A. Sheehan
ARC605 | Spring 2017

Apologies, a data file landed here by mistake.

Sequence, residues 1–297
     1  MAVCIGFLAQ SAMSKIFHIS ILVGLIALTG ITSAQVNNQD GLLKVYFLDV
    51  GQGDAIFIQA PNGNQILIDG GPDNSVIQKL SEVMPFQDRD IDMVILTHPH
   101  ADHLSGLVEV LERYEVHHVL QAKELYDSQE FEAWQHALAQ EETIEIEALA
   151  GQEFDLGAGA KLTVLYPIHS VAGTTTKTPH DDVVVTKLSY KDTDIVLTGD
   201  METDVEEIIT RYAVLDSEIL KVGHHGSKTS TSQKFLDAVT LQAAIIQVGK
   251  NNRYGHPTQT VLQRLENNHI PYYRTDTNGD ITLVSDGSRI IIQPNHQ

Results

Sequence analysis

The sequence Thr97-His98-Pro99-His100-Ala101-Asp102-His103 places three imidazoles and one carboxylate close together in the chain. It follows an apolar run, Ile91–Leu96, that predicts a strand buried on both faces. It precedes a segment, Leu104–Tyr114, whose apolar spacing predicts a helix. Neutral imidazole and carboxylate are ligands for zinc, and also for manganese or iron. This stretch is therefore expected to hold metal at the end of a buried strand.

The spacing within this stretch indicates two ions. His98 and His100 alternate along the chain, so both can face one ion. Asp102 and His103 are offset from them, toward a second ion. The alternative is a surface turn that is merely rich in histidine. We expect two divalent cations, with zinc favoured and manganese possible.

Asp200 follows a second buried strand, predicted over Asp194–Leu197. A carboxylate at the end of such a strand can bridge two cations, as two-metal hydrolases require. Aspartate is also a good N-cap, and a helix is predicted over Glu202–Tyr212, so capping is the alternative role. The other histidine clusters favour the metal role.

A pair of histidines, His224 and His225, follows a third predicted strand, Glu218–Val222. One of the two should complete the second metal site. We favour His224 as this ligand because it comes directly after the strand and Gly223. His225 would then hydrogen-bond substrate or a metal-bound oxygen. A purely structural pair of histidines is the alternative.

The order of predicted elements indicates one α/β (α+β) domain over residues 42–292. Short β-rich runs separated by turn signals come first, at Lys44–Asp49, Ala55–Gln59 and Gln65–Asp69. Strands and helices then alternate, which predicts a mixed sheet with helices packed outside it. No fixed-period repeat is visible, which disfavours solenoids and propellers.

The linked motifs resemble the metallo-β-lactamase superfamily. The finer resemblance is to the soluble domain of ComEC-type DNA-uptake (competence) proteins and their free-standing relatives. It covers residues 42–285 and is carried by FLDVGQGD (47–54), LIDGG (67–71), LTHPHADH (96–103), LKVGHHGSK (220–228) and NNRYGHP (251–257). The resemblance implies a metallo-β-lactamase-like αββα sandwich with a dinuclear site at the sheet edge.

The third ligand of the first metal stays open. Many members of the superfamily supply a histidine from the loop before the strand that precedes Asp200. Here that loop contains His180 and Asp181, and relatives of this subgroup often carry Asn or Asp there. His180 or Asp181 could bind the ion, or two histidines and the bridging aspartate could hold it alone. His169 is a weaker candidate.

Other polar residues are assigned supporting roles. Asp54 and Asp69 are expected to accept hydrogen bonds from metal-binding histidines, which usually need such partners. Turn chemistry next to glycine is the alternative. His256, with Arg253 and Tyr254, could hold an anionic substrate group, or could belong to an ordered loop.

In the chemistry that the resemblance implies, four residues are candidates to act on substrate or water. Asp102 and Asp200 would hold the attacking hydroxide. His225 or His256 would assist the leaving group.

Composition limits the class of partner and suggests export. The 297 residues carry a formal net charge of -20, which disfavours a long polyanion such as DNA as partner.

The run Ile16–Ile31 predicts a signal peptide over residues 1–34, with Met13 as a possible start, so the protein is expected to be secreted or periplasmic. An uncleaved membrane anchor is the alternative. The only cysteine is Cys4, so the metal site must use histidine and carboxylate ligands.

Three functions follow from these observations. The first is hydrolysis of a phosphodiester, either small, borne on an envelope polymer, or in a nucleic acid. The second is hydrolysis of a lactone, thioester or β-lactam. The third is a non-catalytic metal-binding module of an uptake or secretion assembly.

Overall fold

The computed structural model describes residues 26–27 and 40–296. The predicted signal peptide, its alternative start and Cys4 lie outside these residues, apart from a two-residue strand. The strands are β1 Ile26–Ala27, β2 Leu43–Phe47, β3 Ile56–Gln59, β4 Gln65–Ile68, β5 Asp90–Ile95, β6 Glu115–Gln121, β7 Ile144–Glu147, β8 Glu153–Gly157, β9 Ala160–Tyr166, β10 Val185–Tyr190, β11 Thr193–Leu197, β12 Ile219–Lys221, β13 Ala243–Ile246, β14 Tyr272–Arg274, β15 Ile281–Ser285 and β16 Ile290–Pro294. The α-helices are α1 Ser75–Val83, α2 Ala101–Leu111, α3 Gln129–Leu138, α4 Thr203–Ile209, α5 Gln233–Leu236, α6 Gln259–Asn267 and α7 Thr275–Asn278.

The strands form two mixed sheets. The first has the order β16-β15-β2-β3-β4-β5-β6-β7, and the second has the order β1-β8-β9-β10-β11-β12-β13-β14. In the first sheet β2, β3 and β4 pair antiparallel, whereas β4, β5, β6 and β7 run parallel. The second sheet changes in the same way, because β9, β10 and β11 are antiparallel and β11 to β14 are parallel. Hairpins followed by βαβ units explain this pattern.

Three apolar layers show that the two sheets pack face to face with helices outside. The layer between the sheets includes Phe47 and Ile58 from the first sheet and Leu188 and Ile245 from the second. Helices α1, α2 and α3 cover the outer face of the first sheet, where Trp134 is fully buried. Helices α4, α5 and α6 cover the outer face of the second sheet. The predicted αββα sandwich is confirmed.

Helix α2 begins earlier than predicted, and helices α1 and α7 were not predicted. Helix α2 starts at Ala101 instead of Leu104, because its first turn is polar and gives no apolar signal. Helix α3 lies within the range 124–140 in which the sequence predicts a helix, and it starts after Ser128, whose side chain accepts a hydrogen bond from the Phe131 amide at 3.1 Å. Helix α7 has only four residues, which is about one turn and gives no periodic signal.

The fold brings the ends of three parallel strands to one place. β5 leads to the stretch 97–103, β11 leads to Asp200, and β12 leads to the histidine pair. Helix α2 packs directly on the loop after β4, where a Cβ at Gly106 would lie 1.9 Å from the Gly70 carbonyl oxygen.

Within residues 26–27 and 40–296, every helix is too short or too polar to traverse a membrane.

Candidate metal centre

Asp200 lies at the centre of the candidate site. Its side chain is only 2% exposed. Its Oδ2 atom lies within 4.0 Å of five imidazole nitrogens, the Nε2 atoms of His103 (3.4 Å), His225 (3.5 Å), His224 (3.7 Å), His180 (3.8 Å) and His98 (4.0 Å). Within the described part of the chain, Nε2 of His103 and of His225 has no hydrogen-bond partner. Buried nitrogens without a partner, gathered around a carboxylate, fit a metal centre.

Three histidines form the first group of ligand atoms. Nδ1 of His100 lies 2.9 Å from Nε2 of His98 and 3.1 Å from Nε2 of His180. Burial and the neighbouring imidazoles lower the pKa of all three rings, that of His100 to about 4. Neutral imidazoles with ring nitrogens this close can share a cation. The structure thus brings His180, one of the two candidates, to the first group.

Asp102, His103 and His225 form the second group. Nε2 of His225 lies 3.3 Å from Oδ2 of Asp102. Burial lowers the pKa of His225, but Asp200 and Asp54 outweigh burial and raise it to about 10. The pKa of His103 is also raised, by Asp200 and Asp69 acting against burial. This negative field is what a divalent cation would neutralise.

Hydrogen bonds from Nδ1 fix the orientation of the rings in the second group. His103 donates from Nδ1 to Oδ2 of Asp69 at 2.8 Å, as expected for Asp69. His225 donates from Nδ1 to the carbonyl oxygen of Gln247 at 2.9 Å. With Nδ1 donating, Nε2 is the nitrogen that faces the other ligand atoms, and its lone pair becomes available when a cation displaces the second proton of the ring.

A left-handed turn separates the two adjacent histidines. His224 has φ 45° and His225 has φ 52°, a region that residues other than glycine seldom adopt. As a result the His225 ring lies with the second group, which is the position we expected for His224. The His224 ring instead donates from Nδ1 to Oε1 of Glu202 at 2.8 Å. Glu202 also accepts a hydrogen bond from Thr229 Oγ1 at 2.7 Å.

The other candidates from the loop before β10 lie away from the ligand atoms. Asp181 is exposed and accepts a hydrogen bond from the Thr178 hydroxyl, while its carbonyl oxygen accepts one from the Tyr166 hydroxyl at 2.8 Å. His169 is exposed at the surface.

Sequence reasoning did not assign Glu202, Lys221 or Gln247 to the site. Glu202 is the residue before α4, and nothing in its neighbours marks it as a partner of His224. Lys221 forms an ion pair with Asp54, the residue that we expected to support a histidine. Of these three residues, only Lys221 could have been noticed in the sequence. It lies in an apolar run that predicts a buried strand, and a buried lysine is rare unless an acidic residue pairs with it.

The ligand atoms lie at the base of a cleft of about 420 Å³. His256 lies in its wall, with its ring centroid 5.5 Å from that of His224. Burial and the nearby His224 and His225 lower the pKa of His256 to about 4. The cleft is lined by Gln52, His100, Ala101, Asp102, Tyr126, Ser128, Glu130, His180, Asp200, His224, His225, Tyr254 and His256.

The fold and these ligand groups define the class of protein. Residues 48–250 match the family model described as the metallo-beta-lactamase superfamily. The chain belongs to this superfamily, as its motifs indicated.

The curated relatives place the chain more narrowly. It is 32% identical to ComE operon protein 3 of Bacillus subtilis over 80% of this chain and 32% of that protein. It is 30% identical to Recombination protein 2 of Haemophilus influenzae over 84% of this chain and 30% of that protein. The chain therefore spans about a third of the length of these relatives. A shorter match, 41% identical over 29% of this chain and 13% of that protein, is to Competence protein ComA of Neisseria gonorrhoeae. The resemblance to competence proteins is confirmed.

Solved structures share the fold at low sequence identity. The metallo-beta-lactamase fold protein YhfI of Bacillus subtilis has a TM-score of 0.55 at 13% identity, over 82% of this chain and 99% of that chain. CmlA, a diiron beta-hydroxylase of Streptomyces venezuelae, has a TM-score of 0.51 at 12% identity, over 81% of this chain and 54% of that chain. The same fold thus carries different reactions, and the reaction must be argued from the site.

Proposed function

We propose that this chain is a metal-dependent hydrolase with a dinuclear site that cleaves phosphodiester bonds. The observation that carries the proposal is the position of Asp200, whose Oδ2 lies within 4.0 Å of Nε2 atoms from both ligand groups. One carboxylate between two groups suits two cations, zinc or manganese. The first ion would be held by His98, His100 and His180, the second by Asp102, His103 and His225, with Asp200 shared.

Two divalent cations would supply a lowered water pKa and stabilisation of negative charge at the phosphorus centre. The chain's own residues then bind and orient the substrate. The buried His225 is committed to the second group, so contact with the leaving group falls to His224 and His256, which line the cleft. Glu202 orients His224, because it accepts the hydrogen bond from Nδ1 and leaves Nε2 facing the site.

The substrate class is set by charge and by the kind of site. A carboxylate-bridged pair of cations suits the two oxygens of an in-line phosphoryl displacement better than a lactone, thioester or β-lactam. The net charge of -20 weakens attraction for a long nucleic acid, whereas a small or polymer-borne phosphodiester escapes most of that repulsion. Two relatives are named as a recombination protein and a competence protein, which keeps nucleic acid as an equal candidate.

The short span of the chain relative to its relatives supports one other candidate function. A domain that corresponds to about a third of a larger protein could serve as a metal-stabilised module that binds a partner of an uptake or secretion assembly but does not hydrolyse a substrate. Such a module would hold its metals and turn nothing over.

The built environment provides a sense of permanence and reliability to society. The architecture of the city accommodates the functions of urban life, while carefully curated concepts of architectural beauty dominate the design. Daily life bustles about carefully constructed streetscapes and buildings in routine patterns day in and day out, while society fufills the obligations of adulthood. The architecture of children, however, must be considered very differently. Children are not subject to the rigidity that adult society requires and the architecture designed to fulfill their needs must be as fluid as they are. Architecture for a child must not be prescriptive or dictatorial, but rather must reflect the energy of the children within it. While the rest of society functions within static spaces, a space for children should move and change as rapidly as their imagination does. Children should have the opportunity to manipulate design to suit their needs in real time. As children are allowed to express themselves through the architecture, their energy and imagination can reignite the child within the adults of society.